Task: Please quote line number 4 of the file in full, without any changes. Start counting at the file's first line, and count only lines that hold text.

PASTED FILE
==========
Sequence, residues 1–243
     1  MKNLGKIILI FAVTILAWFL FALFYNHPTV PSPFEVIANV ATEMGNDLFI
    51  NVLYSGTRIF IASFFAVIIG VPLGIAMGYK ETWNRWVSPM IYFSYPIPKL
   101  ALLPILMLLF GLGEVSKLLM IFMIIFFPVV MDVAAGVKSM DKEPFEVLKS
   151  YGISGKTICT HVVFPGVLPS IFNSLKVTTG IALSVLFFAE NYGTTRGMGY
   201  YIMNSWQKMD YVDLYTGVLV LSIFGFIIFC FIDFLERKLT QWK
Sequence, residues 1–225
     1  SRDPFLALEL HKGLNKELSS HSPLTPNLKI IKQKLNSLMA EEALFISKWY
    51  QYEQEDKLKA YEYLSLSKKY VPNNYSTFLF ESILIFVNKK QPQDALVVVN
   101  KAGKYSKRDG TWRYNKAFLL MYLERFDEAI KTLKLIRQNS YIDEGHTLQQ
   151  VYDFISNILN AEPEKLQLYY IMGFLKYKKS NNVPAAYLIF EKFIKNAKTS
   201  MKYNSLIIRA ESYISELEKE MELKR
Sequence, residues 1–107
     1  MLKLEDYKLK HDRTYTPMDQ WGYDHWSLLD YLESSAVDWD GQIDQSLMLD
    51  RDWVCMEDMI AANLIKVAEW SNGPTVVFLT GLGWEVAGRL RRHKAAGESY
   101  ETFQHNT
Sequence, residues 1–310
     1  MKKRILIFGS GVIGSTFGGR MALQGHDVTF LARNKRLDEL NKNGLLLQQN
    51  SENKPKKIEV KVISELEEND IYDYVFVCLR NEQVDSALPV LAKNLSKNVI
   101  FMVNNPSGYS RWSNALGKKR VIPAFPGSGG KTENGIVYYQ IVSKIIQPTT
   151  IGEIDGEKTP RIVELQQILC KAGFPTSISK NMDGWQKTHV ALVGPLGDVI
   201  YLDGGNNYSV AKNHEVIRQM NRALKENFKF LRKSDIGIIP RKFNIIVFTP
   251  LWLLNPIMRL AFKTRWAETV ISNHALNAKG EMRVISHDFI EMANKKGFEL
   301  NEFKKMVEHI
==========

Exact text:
   101  ALLPILMLLF GLGEVSKLLM IFMIIFFPVV MDVAAGVKSM DKEPFEVLKS